Tulo is also quietly making himself a contender in all three NL triple crown categories. He's second in batting average to only Yadier Molina (.354 to .351), he's third in home runs behind only Domonic Brown and Carlos Gonzalez (19, 17, and 16), and he's second in RBI behind only Paul Goldschmidt (58 to 51). Tulo is also leading the NL in both slugging percentage (.654) and OPS (1.073).

Troy has also balanced his splits making it difficult for opponents to find a weak spot to attack him. He has a 1.171 OPS at Coors and a .975 OPS on the most pitcher friendly road schedule in baseball. He has a 1.112 OPS against righties, and a .984 OPS against lefties. He has a .967 OPS with runners in scoring position, a 1.194 OPS with the bases loaded, and a 1.242 OPS with two outs and runners in scoring position. Tulo also has a .967 OPS in innings 1-3, an 1.138 OPS in innings 4-6, and an 1.164 OPS in innings 7-9.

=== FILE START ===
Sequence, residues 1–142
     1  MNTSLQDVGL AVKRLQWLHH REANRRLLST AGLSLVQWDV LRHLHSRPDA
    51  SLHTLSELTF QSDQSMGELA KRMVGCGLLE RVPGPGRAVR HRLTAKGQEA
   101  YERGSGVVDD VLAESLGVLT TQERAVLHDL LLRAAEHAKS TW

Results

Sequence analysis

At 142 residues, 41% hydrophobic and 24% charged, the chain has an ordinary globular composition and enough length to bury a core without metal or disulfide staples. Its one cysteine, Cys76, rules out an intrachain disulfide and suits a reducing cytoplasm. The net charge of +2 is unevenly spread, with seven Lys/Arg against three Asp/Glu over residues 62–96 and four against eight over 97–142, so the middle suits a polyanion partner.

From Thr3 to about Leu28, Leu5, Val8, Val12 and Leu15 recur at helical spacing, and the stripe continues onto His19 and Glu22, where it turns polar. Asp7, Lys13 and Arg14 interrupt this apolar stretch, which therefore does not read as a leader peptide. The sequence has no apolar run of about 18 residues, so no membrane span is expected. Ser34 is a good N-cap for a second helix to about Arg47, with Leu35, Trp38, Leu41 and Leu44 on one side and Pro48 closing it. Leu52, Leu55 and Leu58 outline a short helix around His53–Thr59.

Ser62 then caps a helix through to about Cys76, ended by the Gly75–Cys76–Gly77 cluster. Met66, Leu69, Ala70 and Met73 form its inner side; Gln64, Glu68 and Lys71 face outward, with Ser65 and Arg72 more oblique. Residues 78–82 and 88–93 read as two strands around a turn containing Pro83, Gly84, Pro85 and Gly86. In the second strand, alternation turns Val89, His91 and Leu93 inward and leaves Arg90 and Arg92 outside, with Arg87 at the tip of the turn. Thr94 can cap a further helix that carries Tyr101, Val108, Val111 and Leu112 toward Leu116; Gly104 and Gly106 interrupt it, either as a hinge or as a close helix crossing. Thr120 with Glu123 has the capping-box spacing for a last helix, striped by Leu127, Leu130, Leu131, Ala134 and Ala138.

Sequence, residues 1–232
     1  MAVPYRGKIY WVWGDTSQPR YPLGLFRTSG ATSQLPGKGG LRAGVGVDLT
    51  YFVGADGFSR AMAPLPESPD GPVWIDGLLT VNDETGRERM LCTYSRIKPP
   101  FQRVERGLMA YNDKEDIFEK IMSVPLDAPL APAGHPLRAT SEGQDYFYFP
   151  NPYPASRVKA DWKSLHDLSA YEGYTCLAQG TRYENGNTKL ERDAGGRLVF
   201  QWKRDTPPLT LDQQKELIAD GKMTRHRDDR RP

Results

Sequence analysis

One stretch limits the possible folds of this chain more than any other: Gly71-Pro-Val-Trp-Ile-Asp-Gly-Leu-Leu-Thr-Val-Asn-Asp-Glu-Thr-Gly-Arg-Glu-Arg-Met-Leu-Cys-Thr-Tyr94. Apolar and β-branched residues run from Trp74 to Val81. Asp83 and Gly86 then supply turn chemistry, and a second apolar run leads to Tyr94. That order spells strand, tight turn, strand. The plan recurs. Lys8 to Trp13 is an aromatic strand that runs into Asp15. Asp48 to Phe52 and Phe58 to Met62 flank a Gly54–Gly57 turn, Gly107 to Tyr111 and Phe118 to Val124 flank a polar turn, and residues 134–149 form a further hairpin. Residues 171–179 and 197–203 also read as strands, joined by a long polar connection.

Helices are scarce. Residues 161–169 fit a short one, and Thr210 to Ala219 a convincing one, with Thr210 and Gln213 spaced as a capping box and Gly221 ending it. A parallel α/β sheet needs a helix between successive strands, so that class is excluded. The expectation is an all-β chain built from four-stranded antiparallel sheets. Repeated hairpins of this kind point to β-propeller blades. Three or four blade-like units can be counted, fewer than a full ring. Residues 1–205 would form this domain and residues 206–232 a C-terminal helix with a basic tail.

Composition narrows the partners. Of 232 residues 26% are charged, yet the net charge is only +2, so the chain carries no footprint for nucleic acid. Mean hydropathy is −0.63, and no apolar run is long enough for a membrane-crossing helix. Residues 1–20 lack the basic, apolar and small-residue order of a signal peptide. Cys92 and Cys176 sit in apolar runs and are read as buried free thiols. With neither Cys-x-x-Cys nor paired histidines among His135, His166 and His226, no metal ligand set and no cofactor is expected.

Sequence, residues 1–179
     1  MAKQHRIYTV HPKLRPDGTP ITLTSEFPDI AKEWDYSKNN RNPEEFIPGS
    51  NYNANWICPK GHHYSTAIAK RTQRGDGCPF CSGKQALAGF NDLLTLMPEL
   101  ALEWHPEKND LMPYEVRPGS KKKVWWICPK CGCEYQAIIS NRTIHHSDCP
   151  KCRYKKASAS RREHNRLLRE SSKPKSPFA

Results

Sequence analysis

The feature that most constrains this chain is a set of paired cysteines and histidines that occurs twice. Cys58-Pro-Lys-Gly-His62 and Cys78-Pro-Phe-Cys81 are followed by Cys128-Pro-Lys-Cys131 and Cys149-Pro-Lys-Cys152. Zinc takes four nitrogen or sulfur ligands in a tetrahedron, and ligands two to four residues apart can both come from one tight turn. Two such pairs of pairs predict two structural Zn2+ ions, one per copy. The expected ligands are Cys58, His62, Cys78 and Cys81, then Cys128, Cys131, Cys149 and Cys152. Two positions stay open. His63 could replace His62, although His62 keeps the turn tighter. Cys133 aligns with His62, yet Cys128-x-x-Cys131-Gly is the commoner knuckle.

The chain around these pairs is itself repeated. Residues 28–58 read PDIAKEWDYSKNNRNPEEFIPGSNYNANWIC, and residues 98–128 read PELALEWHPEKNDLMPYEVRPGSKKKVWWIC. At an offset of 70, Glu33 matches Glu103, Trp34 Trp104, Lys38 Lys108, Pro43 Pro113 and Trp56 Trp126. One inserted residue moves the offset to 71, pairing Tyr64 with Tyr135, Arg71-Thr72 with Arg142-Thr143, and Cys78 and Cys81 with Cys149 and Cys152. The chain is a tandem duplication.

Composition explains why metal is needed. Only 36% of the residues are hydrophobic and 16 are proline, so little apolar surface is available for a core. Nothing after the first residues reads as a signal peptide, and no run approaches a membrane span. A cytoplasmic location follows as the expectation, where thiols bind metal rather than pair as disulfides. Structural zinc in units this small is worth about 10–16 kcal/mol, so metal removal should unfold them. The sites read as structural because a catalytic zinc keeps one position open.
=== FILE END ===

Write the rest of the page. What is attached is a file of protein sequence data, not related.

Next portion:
And in typical Tulo fashion, he's getting better as we go deeper into the season. In April his OPS was .996, in May it climbed to 1.043, and so far in June it's been a ridiculous 1.348! He's also riding an active streak in which he's reached base in 24 consecutive games and has multiple hits in half of them; and oh by the way, he's still playing some of the best defense in the game at shortstop. I'm sure he'll hit a slump at some point, but wow has this been a spectacle to behold so far.



If you want more Tulo, Troy Renck wrote about him in his Sunday feature.

Michael Cuddyer and the Rockies are hopeful he'll be back in the lineup when Colorado takes the field again on Tuesday.

Patrick Saunders has more on the excellent start and nerve rattling finish to Juan Nicasio's outing yesterday.

James Gentile of Beyond the Box score has an interesting piece up this morning that asks if prospects are debuting too early.